Can readers finance the media?

    Today, October 16, the crowdfunding project of the online publication (the former edition of the OpenSpace website) on the crowdfunding platform ends. With the help of its readers, collected almost 700,000 rubles, which is 100,000 thousand more than the financial statement announced by the editors. The money will go to pay royalties for three months. But can Colta continue to exist without a regular investor? This question remains open so far, because collecting the amount in excess of 20 million rubles (this is the annual cost of maintaining the project) only through collective co-financing in Russia is not yet realistic. But today, the possibility of a crowdfunding model of the existence of individual media is of concern not only to Russian, but also to Western media companies.
    With the advent of the Internet era, media owners around the world are trying to find a business model that could save the traditional form of journalism. “Big” journalistic forms, as well as investigations and analytics, were difficult to find, for which it is difficult to find an investor, since in a stream of rapidly changing news and events of the Network they do not fall into the field of view of a large number of readers.

    A few months ago in the United States, a conference was held entitled “Democratization of Communication: The Future of Journalism in Modern Media”. It was attended by editors and journalists of major publications and media holdings. During the event, four options were developed that could save serious journalism in the next five years, and especially journalists involved in investigations and analytics. The first and perhaps the main way is crowdfunding.

    Referring to the experience of the Kickstarter and sites, experts see the future of the media in a system of pre-order and prepaid articles. It is in this way that the most famous crowdfunding resource for journalists works. At it, reporters have the opportunity to propose a topic, and potential readers to evaluate its relevance and sponsor the material. After the release of the article, various publications can buy it or it will be published on the resource itself.

    On Kickstarter there is no special category for journalistic projects. Despite this, March 24th successfully completed the Matter project, an online magazine on technology and science created by well-known journalists, authors of such publications as Nature, The Atlantic, The Economist, New Scientist, GigaOM, The Guardian, Businessweek and The New York Times . The planned frequency of articles is one per week. Readers will pay 99 cents for each article. The authors collected initial capital to launch the site and develop applications for it and set a financial goal of $ 50,000. As a result, they raised $ 140,201 per month.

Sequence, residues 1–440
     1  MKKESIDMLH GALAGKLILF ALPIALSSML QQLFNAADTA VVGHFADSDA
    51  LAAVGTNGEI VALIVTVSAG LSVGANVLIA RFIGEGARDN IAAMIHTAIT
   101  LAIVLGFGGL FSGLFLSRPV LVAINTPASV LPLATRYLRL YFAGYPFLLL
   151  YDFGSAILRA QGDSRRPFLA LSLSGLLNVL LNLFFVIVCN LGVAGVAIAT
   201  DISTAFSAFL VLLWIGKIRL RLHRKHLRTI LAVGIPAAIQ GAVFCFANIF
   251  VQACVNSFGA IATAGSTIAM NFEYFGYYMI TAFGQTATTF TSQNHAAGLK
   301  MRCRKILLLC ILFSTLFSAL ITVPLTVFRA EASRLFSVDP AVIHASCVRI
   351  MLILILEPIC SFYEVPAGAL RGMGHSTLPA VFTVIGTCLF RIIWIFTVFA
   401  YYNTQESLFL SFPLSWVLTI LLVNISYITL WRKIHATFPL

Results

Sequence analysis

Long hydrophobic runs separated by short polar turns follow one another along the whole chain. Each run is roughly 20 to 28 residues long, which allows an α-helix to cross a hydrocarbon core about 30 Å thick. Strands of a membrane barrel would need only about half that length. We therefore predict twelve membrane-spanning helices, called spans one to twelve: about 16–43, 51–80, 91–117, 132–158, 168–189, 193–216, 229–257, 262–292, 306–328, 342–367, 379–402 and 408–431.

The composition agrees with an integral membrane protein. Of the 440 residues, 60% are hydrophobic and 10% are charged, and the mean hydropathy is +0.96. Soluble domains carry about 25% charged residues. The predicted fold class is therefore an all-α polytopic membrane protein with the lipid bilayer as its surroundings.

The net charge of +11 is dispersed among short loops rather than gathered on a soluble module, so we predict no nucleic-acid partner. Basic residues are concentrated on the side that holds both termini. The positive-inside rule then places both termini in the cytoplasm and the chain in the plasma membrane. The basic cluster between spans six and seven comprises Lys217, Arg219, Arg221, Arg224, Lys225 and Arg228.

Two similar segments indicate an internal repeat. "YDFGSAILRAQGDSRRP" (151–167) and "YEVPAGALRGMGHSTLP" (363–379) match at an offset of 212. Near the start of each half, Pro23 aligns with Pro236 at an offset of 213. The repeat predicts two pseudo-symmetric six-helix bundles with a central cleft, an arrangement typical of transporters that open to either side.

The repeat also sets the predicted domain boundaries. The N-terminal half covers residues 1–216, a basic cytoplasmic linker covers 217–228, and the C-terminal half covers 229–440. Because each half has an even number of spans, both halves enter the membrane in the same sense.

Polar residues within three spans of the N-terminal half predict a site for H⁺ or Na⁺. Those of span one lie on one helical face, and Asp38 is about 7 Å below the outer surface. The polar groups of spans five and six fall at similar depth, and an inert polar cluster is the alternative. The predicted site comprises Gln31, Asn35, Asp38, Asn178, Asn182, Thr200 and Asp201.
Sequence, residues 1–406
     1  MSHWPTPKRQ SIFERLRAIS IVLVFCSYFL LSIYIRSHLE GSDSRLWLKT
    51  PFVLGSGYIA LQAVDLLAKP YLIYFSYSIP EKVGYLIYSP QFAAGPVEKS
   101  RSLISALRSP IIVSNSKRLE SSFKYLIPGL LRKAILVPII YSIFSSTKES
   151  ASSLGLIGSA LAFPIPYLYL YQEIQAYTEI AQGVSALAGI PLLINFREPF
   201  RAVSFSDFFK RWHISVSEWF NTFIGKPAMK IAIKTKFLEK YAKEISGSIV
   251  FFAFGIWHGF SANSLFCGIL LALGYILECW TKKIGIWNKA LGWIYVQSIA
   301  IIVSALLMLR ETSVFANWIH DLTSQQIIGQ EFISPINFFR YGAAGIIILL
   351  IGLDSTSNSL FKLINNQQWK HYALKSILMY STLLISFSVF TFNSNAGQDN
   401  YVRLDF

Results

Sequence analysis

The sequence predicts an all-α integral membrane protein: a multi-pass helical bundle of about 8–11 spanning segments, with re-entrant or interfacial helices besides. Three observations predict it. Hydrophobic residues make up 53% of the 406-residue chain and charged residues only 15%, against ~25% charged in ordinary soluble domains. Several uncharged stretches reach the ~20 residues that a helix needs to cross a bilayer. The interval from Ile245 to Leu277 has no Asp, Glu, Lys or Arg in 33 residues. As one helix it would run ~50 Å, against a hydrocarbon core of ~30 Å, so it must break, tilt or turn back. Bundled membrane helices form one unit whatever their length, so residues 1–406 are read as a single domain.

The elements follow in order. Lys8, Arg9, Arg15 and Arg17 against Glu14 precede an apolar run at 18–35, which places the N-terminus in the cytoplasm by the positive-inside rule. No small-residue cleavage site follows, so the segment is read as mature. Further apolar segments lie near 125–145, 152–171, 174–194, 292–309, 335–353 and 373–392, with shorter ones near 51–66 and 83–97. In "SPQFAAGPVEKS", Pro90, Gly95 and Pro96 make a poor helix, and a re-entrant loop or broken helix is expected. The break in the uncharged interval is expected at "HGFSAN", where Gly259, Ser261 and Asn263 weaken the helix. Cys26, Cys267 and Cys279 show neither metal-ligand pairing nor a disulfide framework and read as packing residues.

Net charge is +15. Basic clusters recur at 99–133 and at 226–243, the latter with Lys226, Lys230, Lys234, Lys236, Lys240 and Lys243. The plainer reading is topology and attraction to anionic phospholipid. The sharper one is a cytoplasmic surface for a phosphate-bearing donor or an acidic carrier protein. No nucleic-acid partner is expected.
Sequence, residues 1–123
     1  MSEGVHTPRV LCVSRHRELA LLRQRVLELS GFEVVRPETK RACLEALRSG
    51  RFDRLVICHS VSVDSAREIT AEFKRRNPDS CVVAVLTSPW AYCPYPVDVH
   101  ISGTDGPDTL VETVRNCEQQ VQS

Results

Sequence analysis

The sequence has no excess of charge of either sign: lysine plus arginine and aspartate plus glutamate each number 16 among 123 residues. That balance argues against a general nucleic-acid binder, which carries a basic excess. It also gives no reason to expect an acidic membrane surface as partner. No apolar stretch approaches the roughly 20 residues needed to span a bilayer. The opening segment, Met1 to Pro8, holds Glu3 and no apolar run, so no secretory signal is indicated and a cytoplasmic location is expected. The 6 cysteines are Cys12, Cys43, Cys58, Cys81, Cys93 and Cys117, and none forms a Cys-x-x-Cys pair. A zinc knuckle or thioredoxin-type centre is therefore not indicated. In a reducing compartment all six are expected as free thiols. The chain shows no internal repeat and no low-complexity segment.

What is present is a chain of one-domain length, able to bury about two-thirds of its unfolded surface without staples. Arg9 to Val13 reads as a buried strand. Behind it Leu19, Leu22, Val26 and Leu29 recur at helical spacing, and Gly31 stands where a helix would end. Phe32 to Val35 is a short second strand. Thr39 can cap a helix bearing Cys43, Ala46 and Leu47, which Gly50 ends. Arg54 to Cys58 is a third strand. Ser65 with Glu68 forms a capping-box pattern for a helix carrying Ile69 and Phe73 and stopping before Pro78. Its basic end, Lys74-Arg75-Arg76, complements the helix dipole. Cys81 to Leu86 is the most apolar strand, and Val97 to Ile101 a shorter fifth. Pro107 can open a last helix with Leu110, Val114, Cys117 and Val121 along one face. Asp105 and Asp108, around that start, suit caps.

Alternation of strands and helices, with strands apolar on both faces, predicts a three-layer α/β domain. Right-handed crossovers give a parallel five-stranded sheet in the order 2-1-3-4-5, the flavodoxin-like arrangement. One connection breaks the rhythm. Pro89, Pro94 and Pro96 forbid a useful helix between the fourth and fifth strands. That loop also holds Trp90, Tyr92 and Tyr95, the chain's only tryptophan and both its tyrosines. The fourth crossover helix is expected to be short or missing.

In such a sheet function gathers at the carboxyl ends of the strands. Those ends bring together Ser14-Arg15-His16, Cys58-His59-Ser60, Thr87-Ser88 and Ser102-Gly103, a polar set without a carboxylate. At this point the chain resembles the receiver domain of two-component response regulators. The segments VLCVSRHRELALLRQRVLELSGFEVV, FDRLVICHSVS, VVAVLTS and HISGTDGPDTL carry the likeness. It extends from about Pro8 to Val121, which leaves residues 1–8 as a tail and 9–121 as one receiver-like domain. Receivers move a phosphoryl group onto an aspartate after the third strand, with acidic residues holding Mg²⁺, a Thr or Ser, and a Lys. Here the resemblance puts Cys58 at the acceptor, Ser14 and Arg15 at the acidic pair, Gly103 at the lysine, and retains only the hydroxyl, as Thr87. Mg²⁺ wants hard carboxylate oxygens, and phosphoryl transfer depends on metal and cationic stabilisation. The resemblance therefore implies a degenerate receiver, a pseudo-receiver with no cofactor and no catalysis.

Unlike Kickstarter, the Swedish FundedByMe website has a special category called Journalism, where you can post projects of any genre. Their authors are asking to support their blogs, paper magazines, reportage films, radio stations, television programs and newspapers.

    In 2011,, which is still in beta mode, was launched. This resource was created specifically for photo projects. Since recently the genre of photojournalism is losing its independence, because it depends on the politics of newspapers and magazines, and is also replaced by multimedia forms, the creators of the site focused on it. now has many photo albums, whose authors need support to release them. One of the interesting projects of this kind is the book of a Hungarian photographer with pictures of young supporters of V. Putin. It’s called the “FC Putin Book” (“Putin’s Fan Club”). The site also has an online store that hosts photo albums that have achieved success.

    For all the world's attempts to apply the experience of crowdfunding in the field of journalism, it is important not to forget about a specific problem. All of the above sites and projects raised funds for a specific result, whether it be an article, an album or a website launch. That is, they have a prepaid system for a clear product. Only the experience of the online magazine Matter stands out from this series, as readers paid to launch a project that they had not yet seen. But in the future, the magazine will also use a prepaid article scheme.
    We already know that the basic rule of Kickstarter crowdfunding is a clear final goal. In other words, any project that collects money on this platform should have an end result in the form of a specific product. Therefore, service projects are not allowed there, that is, those that need constant financial support, and media projects most often need just such financial injections.

    The Russian experience of public finance for on Planet is unique even against the backdrop of international activities in this area. Such a project would not have been moderated on Kickstarter, since readers already familiar with the authors of the project did not pay for specific articles, but provided royalties to the authors. That is, in fact, they acted as customers-employers, not knowing the final result. In just 20 days, collected the required amount of 600 thousand rubles, and today - on the last day of financing, the collection amount reached 694 503 rubles.
    Crowdfunding can open up the possibility for journalists and editors to create texts for a narrow audience, conduct investigations that take time and money, and bypass censorship. Unfortunately, in Russia there are not many examples of using such a work scheme, but Planet hopes that such projects will appear soon and, most importantly, readers will support this initiative of journalists.

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